It’s fair to say Amber Bain isn’t having a great morning when she takes Music Week’s phone call. If rain, greyness and the second week of January weren’t grim enough, her morning trip to the studio was blighted by a tube strike, and now she’s broken her laptop charger.
Incidentally, Bain has previous in this area. While recording last November’s Swim Against The Tide EP, she juiced up her computer by temporarily nicking a charger from none other than Robbie Williams, who was working on The Heavy Entertainment Show in the room next door.
However, she won’t be borrowing any of Williams’ pop bombast anytime soon.
“I’ve written quite a few funny pop songs that I’ll probably never release. I went through a stage of being obsessed with Miley Cyrus. I was like, I could do that. I enjoy [writing pop songs] but I don’t find it expressive,” says the 21-year-old.
Bain is much more inclined towards pillowy textures, layered beats and androgynous vocals than booming middle eights and banging pop choruses.
The Buckinghamshire singer chose to ambiguously name her musical project after a Cornwall holiday home she stayed in as a child (and where she pretended to be a boy for a week) and has so far released three EPs and supported label mates The 1975, most recently on their December UK arena tour.
The band’s singer Matt Healy spotted Bain’s demos while she was studying for her A levels, and drummer George Daniel is her co-producer.
Before Bain’s first press shots were released, she deliberately built a gender-free enigma around her music – which nods to The xx, The Beach Boys and Beach House – playing on her deep vocal register too. Fans still speculate as to her sex.
“I find it funny and strange,” she says. “People comment, Is this a boy or a girl? and my fans call me Amber, not The Japanese House. It’s weird to have your personal identity attached to your job.”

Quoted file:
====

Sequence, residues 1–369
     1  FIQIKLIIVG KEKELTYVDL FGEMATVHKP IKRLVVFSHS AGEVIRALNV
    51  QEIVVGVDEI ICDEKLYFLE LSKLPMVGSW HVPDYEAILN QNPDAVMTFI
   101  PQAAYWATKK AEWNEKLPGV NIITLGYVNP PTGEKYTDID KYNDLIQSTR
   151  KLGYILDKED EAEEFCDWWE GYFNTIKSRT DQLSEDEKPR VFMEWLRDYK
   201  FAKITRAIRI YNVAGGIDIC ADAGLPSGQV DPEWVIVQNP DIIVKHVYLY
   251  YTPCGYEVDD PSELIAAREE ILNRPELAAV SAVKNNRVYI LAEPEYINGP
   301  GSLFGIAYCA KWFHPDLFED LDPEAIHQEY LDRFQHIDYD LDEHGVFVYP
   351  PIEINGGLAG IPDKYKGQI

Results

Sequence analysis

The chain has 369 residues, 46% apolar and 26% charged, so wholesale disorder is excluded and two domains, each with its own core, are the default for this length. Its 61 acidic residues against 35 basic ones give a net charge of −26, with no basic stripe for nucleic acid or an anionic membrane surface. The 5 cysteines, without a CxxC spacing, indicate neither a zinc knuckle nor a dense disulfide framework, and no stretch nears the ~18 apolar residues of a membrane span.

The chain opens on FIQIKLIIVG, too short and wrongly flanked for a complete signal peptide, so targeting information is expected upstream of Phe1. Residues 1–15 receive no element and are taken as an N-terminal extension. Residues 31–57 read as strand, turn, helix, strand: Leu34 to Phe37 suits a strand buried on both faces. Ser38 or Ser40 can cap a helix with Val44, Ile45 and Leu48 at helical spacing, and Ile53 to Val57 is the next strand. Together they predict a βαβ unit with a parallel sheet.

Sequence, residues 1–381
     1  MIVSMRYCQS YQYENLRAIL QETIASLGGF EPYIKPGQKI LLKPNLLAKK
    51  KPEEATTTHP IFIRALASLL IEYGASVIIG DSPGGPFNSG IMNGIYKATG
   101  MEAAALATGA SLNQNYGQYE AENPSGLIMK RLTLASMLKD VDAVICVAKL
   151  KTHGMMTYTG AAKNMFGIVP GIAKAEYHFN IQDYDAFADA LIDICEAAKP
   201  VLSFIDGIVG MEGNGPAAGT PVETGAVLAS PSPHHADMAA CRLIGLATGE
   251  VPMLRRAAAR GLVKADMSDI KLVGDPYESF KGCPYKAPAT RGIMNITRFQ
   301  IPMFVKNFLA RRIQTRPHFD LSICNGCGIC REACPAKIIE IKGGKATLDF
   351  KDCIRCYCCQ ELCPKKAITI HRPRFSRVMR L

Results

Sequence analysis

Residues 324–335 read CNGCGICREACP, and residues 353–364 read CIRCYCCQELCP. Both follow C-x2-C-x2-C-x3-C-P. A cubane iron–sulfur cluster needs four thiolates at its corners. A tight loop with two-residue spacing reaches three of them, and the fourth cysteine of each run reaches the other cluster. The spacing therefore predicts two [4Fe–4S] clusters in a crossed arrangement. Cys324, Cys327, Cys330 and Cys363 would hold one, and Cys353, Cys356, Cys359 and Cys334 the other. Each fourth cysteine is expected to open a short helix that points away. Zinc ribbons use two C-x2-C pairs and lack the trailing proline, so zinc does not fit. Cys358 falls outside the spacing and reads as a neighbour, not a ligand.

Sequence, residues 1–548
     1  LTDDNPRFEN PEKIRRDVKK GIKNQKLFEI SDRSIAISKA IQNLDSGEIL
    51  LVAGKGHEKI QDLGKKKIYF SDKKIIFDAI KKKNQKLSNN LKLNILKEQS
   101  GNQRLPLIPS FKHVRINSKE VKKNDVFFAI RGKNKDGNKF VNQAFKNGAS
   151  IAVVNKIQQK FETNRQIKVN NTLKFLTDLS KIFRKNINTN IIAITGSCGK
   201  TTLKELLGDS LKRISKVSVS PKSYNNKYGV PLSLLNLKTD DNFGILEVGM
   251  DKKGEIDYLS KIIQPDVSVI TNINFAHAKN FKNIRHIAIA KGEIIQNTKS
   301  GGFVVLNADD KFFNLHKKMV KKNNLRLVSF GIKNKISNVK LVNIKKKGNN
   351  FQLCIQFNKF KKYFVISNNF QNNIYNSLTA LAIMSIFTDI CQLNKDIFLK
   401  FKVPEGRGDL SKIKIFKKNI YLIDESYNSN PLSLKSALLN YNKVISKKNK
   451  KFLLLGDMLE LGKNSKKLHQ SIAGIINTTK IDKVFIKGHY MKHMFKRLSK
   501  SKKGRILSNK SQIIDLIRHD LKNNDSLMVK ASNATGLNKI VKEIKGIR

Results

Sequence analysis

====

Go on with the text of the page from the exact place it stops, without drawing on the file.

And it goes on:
But in other ways, Bain can’t help but attach herself to her music. Every one of her sleepy, rich songs tells a (usually troubled) emotional story.
One song set for inclusion on her debut album, she explains, is about, “seeing someone in a dream that you haven’t seen in a while and won’t ever see again”.
It seems Bain likes her subject matter heavy, exposing personal heartache onto which the listener can project their own emotions.
“I tend to write about loss and relationships,” she says. “I find it hard not to talk about myself in songs all the time, which is why they’re so personal.
It’s a wide brush to paint with, once someone’s listened to a song it’s completely their prerogative to decide what it means.”
And Bain has enjoyed watching her songs take flight, even if the direction is sometimes unexpected. She says that her album and the new EP that will precede it will both take influence from the road.
“Touring so much last year has inspired rhythmical change. I realised the enjoyment you can get out of moving people physically as well as emotionally.
I thought Swim Against The Tide was quite depressing, a song to go to sleep to, but I played it in San Francisco and people were screaming it!”
And, as we leave her to brave the January shoppers, it seems Bain has hit upon an apt description for The Japanese House: sombre songs you can go crazy for.